Posts Tagged ‘indie writing’

I hit a major milestone today that I’m surprised I noticed. The Wasteland Chronicles passed 200,000 words.

That seems a like a lot of words. But really, it’s just a little bit over Harry Potter and the Goblet of Fire (which, admittedly, is a fairly large book).

I finished the first draft of Revelation today – I think. I may add on an ending that’s less cliff-hangery, but for what it’s worth, it’s pretty much done. It’s only 43,000 words or so now, but I imagine that will grow as I comb through it and add on to it. I’m on target to have it out by late September, which would be ideal.

For the first time I’m ever, I’m writing every day and sticking to it. It feels great to have finally conquered the part of me that always wanted to write, but never did. I think putting my books out there and seeing the successes has kept me going on – the believing that it was possible. I finally woke up and went after it probably around last December, when the first one came out. I’m working on it all the more, now.

It’s been an amazing journey so far. Now, the first three books are out, and all have paperback versions. I want to make some slight changes to third one before finalizing it (even though it’s published – that’s the beauty of e-publishing – you can always go back and tweak some things).

Before I know it, Book 4 will be out. Book 4. It’s crazy that this is starting to become normal. It’s the kind of normal I love.

I’m starting to recognize a flow to the writing life.

I think this looks different for different people, but this is what it is for me, so far:

1. Have a good idea for a book. Usually gotten from reading/culture at large, or personal experience.

2. Write about that idea. Develop characters, outline, whatever…just get a vague semblance of a plot in your head.

3. Usually at this point, I’m ready to begin writing.

4. Write every day. Finish the first draft as quickly as you are able, going no slower than a pace of 1,000 words a day.

5. When finished a month, or the latest two later, let the draft cool for a while. Get some distance. Write some other stuff. Promote other books (if you have any). Decide whether or not what you have written is worth sharing. If the answer is yes, line up a good cover artist and a good editor. You will need both.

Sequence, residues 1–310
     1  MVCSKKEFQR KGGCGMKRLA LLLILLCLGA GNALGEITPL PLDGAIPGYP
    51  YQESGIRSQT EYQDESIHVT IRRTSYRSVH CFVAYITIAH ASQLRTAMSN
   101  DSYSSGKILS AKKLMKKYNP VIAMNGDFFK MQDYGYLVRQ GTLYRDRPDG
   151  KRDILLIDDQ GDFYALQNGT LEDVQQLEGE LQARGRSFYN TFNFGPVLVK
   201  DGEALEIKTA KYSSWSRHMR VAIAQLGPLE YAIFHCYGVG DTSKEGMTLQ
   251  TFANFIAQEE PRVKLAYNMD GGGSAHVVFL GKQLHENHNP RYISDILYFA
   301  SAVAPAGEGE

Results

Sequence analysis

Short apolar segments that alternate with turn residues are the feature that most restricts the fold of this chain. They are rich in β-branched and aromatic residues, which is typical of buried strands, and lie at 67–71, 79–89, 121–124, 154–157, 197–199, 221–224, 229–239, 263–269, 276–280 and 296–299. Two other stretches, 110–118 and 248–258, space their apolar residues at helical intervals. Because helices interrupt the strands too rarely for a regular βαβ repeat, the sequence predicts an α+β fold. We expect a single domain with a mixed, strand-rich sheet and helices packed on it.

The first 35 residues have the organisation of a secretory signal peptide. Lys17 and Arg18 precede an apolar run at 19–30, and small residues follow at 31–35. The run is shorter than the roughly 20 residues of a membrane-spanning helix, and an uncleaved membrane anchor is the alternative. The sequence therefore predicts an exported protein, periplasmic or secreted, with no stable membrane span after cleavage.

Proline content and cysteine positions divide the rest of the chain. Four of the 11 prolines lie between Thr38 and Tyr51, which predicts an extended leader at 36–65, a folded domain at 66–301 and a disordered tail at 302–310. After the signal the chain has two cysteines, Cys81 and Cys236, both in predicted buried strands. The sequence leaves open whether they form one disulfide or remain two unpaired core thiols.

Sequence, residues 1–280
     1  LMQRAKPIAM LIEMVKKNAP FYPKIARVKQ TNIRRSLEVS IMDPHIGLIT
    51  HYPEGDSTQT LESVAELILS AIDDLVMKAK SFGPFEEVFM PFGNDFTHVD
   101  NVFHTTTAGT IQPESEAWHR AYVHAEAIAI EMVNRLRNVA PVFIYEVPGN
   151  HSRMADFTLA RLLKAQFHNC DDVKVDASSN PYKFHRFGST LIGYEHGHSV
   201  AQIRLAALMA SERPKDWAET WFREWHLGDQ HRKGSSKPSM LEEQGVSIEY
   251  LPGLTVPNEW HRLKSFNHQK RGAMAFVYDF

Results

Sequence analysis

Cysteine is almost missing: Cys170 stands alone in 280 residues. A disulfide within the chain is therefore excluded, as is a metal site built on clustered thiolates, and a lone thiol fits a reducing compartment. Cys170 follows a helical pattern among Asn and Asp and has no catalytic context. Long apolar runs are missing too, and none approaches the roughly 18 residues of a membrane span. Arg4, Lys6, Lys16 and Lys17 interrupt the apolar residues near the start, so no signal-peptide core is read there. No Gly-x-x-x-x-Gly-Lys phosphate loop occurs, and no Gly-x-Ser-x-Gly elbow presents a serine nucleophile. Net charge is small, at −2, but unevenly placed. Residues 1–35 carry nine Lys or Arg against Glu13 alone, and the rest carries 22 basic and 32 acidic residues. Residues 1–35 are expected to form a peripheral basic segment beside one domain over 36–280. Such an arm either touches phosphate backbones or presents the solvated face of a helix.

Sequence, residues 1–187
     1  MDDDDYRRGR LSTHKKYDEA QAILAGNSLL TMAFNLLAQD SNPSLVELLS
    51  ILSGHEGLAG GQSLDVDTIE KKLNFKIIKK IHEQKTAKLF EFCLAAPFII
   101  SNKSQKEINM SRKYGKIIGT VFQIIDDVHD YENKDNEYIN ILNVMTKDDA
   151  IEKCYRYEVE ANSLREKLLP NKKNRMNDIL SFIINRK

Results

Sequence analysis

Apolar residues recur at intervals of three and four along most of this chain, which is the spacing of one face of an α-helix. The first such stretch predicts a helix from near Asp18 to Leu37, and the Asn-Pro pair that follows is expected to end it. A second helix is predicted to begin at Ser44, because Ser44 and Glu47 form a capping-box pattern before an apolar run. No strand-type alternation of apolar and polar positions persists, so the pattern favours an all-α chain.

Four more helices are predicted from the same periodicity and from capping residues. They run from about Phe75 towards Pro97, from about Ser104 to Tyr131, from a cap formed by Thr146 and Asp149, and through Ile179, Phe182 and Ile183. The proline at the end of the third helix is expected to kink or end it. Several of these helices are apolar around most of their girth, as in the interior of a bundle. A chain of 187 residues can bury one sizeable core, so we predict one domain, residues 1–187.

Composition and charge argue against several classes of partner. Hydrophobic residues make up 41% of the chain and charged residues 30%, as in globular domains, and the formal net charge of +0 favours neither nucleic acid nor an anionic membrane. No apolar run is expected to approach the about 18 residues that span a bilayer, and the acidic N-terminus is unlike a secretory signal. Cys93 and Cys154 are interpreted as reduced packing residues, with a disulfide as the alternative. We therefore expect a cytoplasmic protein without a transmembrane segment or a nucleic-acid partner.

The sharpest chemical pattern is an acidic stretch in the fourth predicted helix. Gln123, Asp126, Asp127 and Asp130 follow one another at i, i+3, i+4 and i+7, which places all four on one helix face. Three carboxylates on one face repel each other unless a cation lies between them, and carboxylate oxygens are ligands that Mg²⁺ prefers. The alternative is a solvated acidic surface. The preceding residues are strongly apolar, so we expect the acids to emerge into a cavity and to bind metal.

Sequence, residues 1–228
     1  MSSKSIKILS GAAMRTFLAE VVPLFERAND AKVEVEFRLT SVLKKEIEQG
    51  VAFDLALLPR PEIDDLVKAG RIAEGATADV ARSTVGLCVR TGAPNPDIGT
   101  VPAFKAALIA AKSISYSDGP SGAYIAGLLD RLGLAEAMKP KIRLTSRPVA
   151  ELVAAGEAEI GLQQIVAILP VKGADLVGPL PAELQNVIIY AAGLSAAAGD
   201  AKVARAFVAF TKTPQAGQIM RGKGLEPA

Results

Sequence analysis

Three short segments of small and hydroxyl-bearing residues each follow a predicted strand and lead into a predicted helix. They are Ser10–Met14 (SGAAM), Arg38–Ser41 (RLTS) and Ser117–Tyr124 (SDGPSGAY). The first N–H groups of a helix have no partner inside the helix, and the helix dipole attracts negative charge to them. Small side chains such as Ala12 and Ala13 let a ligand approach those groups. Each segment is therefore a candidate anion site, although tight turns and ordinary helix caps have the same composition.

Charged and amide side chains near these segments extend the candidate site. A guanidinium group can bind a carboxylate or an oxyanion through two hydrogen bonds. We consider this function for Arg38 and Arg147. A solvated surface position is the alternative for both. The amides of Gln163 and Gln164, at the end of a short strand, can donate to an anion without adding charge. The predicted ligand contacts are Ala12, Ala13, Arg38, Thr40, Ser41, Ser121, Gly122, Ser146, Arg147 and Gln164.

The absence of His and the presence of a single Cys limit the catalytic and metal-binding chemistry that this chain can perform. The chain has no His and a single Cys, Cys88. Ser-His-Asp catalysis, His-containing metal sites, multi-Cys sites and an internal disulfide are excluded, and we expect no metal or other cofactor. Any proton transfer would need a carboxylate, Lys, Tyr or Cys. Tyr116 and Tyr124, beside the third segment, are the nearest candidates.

6. Edit the book. Read it through fairly quickly – you’re allowed to fix mistakes as long as they don’t bog you down too much. Take note of the parts that are entertaining, which are slow, and which are downright painful to read. Delete the painful parts, and see if the slow parts can be improved. If not, delete.

7. Go back to the start and edit again. Take out everything that is not the story. Take out everything that gets in the way. Repeat as often as necessary (up to six or seven times). Add anything that is part of the story (usually, this is not much).

8. Copyedit. Check for typos, missed words, spelling. Make sure the formatting is correct and Kindle friendly. Create front copy. Begin to set your book up for upload. Meanwhile, line up four beta readers prepared to give you an honest opinion. Listen to their feedback, and make changes where appropriate.

9. Make sure everything is absolutely as perfect as you can make it, within reason: the text, the editing, the formatting, and the cover. When you are sure, come up with a killer blurb, upload the book.

10. Meanwhile (and you can start earlier than this step, especially if you already have relationships with book reviewers/bloggers), try to line up some reviews early for the book. As soon as it is online, promote the hell of it. Promotion is something I’m still learning, and is something I can improve at in all links in the chain.

11. Continue promoting all of your work however you can. Start a new story. Repeat steps 1-11.

I may have missed a few things, but this is the basic gist. For me, it doesn’t stop when I’ve written the book. I want people to read it. Hopefully, I hope I can make enough for it to be a full time job. But I have to work for it.

Also, for the first time Apocalypse broke the top 10,000 paid. It is the the top one percent of all paid books on Amazon. And Night of the Necromancer has gotten over 1,200 free downloads.

Awesome. Thank you for your support.